The Go-Betweens’ second album, and the last the group recorded as a three piece, was their critical breakthrough, containing their signature song ‘Cattle and Cane’. Guitarist/songwriter Robert Forster, bassist/songwriter Grant McLennan and drummer Lindy Morrison had moved to London following their debut, and signed with Rough Trade. Before Hollywood was recorded in Eastbourne’s International Christian Communication Studios, with minimal overdubs, although guest keyboardist Bernard Clarke provides graceful piano on ‘Dusty In Here’ and swirling organ on ‘That Way’.

Despite the thin sound – the group’s other first tier records (Liberty Belle, 16 Lovers Lane, and Oceans Apart) are all much more studio based and lushly produced – Before Hollywood stands up as one of the group’s best records, one of their most consistent sets of songs. It’s McLennan’s childhood reminiscence ‘Cattle and Cane’ that’s the most noteworthy song here, recently voted as one of the ten greatest Australian songs of all time, with its weird time signature and nostalgic lyrics (“I recall a schoolboy coming home/through fields of cane/to a house of tin and timber.”) The organ led ‘That Way’, which sounds like a cross between The Monkees, Bob Dylan, and Television (a conglomeration which sums up the group’s sound pretty well) shows McLennan’s ability in well-crafted, understated pop.

McLennan’s other stunner is the minimalist, understated ‘Dusty In Here’, almost pared down to a lonely piano. Balancing McLennan’s nostalgia and romanticism, Forster’s nervy pop is tense and hooky. ‘As Long As That’ (“I’ve got a feeling, sounds like a fact”) is his most accessible, while ‘Ask’ and ‘On My Block’ throw lots of energy around.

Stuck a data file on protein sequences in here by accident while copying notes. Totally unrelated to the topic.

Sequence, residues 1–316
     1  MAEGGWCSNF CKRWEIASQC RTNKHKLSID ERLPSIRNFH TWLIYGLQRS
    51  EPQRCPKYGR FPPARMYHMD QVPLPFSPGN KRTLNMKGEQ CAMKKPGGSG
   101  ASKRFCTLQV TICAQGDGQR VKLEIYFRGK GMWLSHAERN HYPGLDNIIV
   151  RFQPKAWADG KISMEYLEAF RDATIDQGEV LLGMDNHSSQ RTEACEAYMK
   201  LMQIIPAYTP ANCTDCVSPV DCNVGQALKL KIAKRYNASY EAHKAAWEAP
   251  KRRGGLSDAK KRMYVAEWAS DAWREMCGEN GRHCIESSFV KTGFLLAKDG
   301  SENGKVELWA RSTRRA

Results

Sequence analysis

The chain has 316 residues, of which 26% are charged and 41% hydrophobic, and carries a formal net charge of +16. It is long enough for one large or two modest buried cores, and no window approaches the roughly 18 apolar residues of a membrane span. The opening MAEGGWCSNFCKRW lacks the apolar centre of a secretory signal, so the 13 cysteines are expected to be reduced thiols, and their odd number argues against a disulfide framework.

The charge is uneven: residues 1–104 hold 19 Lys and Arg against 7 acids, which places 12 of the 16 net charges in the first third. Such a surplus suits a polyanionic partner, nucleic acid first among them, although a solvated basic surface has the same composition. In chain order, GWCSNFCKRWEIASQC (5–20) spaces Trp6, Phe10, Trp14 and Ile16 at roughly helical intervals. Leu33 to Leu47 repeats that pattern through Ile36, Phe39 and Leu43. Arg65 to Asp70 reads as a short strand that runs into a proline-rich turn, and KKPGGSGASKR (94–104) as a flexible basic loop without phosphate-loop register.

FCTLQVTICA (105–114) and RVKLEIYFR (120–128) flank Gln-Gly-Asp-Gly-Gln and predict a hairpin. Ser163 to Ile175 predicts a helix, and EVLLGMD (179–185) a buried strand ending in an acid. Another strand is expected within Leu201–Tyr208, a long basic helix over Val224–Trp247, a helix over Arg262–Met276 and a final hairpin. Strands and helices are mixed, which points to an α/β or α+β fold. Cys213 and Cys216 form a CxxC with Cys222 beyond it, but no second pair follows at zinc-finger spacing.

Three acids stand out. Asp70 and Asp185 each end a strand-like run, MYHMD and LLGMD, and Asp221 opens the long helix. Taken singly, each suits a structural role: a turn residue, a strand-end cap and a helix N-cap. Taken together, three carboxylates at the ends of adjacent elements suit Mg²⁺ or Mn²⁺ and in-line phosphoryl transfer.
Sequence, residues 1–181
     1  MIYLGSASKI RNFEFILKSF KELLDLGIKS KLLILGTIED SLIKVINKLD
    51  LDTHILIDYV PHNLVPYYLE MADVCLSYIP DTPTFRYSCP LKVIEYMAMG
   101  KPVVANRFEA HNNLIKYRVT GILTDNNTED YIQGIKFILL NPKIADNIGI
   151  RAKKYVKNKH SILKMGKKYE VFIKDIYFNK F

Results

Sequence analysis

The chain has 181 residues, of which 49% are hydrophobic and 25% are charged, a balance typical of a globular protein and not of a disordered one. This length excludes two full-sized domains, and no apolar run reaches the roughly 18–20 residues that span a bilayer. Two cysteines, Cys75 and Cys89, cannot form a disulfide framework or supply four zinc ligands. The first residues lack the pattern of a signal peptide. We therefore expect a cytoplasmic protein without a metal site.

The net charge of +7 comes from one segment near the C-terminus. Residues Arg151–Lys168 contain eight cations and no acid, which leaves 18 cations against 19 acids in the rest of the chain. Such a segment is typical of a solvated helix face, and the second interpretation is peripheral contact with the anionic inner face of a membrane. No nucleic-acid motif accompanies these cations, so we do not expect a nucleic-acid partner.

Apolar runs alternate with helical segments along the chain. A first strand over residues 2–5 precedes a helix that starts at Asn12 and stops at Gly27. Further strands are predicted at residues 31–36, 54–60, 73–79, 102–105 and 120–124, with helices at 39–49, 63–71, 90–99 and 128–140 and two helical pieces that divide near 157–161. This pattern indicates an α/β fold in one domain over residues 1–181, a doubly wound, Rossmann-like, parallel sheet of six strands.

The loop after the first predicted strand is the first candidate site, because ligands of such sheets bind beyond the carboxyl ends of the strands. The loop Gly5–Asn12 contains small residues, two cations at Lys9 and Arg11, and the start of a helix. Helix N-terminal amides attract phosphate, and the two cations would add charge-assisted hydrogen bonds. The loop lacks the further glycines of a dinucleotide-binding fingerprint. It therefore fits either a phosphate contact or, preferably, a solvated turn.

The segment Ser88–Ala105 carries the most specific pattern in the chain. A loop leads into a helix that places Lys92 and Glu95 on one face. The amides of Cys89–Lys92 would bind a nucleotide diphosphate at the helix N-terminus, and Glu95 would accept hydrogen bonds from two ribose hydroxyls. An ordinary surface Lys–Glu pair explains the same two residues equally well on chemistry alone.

One of the best, and most over-looked, records to come out of late new wave, Before Hollywood is markedly different than the group’s subsequent albums, but excellent nonetheless.

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16 Lovers Lane (1988)

After spending much of the 1980s in the UK, the group returned to Australia and recorded their most accessible album. The recordings were largely based off Forster and McLennan’s acoustic guitars and voices, with Amanda Brown and new bass player John Willsteed adding lushness with their overdubs – Willsteed plays a lot of guitar leads – while Morrison is often absent and replaced by a drum machine. It’s McLennan’s most consistent set of songs, with ‘Quiet Heart’ and the minor hit ‘Streets Of Your Town’, while Forster is less arty than usual with ‘Clouds’ and ‘You Can’t Say No Forever’.